HP 7475A Plotter: Pen Holder Height Map Cap

The “pen holder” in an HP 7475A plotter carries the pen across the width of the paper:

HP 7475A - Pen Holder - overview

HP 7475A – Pen Holder – overview

Given that it was designed to carry pens, not knives, I wasn’t surprised that the spring-loaded finger clamping the knife adapter didn’t apply enough force to hold the adapter in place against the cutting forces. I figured a quick test of a gizmo to stabilize the adapter would be in order, even though I knew:

  • The pen holder doesn’t apply enough downward force
  • The knife adapter doesn’t have a depth-of-cut shroud around the blade

In order to build the gizmo, I need the carrier’s dimensions…

An overhead photo of the pen holder shows the layout in the XY plane:

HP7475A - pen holder - top view

HP7475A – pen holder – top view

I shouldn’t have used graph paper as a background, because the next step was to remove the background and isolate the carrier:

HP7475A - pen holder - top view - isolated

HP7475A – pen holder – top view – isolated

The carrier measures 26.8 mm front-to-back, so scaling a grid to match that dimension provides a coordinate system overlay:

HP7475A - pen holder - top view - 1 mm grid

HP7475A – pen holder – top view – 1 mm grid

The (0,0) origin sits at the lower left, so you can read off all the relevant coordinates as needed.

However, rather than go full-frontal digital, I resized the isolated image to 20 pixel/mm, turned it into a height map, and treated it like a chocolate mold or cookie cutter with gray values scaled to the desired height:

  • Black = background to be removed
  • Dark gray = 2.5 mm thick
  • Medium gray = 3.5 mm
  • Light gray = 7 mm
  • White = 10 mm

Drawing the walls with a 40 pixel diameter pen makes them 2 mm wide at 20 pixel/mm:

HP7475A - knife stabilizer

HP7475A – knife stabilizer

It’s painfully obvious why I don’t do much freehand drawing, although the knife adapter hole is supposed to be oval.

As with cookie cutters and chocolate molds, there’s no need for that much resolution, so I rescaled it to 4 pixel/mm, saved that tiny image as a PNG file, and handed it to OpenSCAD’s surface() function to get a solid model. This being a one-off, I typed this OpenSCAD source code directly into the OpenSCAD editor on the fly, then remembered to save it (!) before shutting down:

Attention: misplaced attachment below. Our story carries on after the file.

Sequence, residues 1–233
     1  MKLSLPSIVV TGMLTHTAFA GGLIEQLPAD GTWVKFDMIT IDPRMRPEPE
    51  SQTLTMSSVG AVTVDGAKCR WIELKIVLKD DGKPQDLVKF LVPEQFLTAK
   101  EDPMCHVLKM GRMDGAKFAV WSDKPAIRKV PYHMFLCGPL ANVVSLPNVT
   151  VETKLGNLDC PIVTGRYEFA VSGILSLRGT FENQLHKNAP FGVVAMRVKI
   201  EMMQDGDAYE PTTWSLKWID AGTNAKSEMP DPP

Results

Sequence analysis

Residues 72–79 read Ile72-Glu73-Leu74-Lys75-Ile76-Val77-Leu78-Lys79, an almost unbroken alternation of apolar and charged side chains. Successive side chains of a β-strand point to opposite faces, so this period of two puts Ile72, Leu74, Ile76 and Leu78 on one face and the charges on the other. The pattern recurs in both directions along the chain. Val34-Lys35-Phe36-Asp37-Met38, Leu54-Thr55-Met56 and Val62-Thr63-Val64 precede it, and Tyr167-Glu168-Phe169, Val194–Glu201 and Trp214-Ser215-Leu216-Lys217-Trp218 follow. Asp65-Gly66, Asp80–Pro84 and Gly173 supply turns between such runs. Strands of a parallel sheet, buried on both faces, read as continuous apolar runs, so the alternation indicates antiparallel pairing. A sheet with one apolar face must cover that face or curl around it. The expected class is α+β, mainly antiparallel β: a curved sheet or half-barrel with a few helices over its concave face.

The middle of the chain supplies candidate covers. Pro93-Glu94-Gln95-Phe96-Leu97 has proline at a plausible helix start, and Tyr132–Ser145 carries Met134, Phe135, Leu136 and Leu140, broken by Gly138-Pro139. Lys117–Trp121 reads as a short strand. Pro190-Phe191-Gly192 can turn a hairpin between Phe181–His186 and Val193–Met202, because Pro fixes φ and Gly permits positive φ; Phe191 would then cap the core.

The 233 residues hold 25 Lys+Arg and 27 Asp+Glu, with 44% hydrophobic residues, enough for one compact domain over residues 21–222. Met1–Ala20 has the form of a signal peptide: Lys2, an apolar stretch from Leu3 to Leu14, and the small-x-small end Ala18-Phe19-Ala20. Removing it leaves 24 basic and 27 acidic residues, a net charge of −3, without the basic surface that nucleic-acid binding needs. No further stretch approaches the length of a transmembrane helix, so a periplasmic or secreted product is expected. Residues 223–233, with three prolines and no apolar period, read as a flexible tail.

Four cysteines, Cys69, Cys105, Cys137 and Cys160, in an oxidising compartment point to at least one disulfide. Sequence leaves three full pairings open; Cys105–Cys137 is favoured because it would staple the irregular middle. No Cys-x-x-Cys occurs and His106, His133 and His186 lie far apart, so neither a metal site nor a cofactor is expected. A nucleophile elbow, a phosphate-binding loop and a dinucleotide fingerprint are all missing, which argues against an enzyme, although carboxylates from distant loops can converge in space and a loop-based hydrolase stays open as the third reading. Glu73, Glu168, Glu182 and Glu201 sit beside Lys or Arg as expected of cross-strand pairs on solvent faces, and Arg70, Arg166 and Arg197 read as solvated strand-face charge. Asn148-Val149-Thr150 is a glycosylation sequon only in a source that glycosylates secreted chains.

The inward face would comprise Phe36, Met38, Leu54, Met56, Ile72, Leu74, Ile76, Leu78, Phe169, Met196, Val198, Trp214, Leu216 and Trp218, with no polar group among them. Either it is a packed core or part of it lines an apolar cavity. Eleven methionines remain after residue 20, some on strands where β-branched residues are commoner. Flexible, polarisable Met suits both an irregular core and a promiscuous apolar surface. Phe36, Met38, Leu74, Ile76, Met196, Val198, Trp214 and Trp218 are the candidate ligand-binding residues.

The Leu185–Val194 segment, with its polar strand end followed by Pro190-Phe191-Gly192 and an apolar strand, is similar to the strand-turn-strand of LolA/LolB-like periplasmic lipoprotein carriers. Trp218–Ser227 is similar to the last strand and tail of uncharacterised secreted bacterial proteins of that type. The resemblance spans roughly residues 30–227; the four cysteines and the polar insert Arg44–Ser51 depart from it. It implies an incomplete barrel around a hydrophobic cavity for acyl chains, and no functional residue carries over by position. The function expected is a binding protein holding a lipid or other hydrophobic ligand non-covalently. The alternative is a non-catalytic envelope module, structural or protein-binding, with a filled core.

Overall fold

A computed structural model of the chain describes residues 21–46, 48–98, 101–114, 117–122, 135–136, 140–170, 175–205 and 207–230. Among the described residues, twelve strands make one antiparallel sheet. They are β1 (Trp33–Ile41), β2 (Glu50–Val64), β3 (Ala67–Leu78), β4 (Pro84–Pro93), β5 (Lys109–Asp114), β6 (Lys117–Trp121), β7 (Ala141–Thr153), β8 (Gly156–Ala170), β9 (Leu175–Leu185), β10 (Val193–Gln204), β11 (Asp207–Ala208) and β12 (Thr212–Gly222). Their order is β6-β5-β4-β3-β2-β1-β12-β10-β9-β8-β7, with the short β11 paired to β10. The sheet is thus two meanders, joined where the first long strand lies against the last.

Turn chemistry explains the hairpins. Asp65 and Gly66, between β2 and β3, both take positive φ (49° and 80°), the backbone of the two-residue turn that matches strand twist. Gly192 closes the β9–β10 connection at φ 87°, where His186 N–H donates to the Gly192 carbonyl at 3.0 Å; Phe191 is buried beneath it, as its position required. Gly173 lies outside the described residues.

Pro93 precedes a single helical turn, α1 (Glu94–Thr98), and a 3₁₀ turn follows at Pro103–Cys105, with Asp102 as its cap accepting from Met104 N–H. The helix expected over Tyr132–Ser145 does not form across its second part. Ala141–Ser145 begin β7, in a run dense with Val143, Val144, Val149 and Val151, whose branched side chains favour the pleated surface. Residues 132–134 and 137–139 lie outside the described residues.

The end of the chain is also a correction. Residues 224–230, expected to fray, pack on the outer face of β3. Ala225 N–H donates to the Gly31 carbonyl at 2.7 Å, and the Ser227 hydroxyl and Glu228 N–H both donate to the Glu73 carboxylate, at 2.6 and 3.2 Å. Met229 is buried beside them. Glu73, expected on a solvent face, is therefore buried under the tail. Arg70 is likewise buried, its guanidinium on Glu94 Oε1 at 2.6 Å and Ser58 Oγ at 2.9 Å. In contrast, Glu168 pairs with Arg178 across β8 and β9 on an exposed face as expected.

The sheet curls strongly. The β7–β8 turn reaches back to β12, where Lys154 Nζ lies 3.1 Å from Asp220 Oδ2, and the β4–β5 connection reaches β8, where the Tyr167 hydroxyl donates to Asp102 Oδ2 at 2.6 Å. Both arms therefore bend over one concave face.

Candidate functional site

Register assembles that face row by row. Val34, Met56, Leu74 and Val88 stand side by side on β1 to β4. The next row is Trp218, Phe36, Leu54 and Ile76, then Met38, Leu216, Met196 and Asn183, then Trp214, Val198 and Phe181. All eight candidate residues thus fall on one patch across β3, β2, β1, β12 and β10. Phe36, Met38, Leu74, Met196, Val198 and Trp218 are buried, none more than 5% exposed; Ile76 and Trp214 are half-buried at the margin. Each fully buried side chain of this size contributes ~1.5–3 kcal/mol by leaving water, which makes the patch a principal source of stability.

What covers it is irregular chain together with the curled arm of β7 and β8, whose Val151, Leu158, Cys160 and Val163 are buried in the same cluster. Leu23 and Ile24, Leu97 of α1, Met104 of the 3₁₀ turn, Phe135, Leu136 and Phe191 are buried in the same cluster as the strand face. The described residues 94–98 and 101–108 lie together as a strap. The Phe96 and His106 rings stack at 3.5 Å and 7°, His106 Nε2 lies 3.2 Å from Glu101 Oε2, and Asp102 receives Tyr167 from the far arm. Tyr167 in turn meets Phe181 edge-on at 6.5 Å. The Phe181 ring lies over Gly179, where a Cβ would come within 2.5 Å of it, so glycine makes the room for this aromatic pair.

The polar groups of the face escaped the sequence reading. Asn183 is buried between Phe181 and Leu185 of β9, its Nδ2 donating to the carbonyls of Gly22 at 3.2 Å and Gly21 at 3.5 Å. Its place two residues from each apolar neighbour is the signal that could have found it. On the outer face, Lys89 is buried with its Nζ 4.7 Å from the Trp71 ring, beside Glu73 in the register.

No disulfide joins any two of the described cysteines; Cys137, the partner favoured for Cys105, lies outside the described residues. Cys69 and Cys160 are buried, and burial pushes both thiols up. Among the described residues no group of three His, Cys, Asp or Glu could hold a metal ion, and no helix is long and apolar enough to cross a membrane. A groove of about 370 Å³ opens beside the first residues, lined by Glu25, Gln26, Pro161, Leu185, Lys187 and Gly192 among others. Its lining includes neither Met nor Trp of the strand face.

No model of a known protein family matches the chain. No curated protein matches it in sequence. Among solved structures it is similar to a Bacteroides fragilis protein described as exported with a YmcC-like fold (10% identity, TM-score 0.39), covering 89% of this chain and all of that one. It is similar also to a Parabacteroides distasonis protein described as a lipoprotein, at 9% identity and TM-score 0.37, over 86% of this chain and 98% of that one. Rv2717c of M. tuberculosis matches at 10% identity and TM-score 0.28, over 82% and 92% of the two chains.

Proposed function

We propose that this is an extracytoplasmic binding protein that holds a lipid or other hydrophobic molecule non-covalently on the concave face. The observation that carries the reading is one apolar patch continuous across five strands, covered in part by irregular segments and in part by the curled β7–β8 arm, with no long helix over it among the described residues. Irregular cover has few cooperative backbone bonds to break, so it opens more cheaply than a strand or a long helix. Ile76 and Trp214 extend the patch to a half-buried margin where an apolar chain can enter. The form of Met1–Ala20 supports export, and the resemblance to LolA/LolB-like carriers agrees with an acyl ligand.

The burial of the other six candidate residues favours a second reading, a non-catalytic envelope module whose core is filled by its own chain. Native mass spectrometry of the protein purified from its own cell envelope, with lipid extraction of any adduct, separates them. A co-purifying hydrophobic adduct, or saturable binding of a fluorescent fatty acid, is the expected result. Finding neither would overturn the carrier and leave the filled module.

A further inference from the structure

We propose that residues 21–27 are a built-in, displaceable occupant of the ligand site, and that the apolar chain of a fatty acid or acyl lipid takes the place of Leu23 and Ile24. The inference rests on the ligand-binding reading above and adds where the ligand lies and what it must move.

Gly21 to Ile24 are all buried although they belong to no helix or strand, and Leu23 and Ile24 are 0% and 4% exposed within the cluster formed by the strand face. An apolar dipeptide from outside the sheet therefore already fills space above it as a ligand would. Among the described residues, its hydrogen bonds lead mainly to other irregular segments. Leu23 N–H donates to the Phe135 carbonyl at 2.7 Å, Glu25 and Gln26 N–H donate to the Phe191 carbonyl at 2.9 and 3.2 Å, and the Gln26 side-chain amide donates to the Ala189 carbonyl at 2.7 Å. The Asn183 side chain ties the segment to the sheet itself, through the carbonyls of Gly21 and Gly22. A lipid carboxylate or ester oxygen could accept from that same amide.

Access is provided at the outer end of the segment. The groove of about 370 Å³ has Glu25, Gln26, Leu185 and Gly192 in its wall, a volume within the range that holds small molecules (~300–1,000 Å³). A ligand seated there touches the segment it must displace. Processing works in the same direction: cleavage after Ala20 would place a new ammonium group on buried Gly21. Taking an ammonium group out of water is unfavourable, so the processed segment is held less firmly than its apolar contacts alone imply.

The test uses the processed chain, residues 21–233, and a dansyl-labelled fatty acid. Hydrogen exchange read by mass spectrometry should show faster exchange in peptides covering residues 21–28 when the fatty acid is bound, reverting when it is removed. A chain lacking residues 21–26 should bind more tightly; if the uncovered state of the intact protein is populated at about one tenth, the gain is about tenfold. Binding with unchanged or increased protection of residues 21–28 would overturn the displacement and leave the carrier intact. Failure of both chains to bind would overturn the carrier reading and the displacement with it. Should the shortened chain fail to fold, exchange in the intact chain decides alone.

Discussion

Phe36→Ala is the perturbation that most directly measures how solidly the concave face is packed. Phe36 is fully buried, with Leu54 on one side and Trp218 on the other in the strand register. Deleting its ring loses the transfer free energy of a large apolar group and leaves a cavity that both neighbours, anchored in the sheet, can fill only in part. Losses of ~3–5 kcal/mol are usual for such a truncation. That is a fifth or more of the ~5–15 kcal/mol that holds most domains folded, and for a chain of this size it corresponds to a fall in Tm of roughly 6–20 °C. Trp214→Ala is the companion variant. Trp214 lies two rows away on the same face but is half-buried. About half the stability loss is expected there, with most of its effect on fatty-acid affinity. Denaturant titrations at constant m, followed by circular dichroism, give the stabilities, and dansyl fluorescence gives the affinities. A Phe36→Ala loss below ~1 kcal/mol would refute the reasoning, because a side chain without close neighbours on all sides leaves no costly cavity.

difference() {
  translate([0,0,-2.0]) render(convexity=10)
    surface("/long-and-tedious-path/HP7475A - knife stabilizer - scaled.png",center=true);

The mirror() transformation inverts the model top-to-bottom along the Z axis, compensating for the flip from drawing the height map as though the walls rise upward from the pen carrier, after which the flip() transformation puts the flat side down to make it buildable.

The height map image conversion produces a bazillion irrelevant faces, but it’s quick and easy:

HP7475A - Roland knife stabilizer - height map model

HP7475A – Roland knife stabilizer – height map model

I’ve been using Slic3r’s Hilbert Curve  pattern for top & bottom infill to get a nice textured result:

Roland knife stabilizer - height map - Slic3r preview

Roland knife stabilizer – height map – Slic3r preview

Which printed just about like you’d expect:

HP 7475A - Roland knife adapter and stabilizer - height map - bottom view

HP 7475A – Roland knife adapter and stabilizer – height map – bottom view

I reamed out the hole with a step drill (the HP pens are close enough to 7/16 as to make no difference here) to get the knife adapter to fit, but the walls and suchlike came out close enough.

Then it just snapped into place:

HP 7475A - Roland knife adapter and stabilizer - height map

HP 7475A – Roland knife adapter and stabilizer – height map

Actually, no, it didn’t just snap into place: some (dis)assembly was required.

First, remove the brass knife bearing from the adapter, push the knife adapter shell into the pen holder, slide the stabilizer cap down over the adapter, press it firmly around the pen holder, reinstall the brass knife bearing, then it’s ready.

The cuts in the green vinyl just to the left of the knife blade (in a window decoration sheet I spotted in a trash can) show that the blade can cut, albeit with some finger pressure, but the fancy red stabilizer didn’t stay stuck on the pen carrier nearly as well as I expected. A screw attachment will help with that, which calls for going all digital on those coordinates.